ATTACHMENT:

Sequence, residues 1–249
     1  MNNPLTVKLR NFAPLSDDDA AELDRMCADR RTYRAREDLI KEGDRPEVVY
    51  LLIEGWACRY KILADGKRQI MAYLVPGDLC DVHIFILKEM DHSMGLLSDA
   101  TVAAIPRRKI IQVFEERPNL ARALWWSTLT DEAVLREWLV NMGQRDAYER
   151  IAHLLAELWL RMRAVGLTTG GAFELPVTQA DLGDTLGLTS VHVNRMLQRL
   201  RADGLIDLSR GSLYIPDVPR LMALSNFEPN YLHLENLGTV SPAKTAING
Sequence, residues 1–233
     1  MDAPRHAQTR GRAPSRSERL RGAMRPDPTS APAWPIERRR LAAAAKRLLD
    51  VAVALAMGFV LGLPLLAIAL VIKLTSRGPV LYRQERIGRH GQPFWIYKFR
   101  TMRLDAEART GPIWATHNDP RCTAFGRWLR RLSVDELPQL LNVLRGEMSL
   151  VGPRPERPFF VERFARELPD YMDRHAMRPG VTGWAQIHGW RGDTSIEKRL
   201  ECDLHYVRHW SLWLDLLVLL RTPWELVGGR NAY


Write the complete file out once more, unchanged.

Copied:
Sequence, residues 1–249
     1  MNNPLTVKLR NFAPLSDDDA AELDRMCADR RTYRAREDLI KEGDRPEVVY
    51  LLIEGWACRY KILADGKRQI MAYLVPGDLC DVHIFILKEM DHSMGLLSDA
   101  TVAAIPRRKI IQVFEERPNL ARALWWSTLT DEAVLREWLV NMGQRDAYER
   151  IAHLLAELWL RMRAVGLTTG GAFELPVTQA DLGDTLGLTS VHVNRMLQRL
   201  RADGLIDLSR GSLYIPDVPR LMALSNFEPN YLHLENLGTV SPAKTAING
Sequence, residues 1–233
     1  MDAPRHAQTR GRAPSRSERL RGAMRPDPTS APAWPIERRR LAAAAKRLLD
    51  VAVALAMGFV LGLPLLAIAL VIKLTSRGPV LYRQERIGRH GQPFWIYKFR
   101  TMRLDAEART GPIWATHNDP RCTAFGRWLR RLSVDELPQL LNVLRGEMSL
   151  VGPRPERPFF VERFARELPD YMDRHAMRPG VTGWAQIHGW RGDTSIEKRL
   201  ECDLHYVRHW SLWLDLLVLL RTPWELVGGR NAY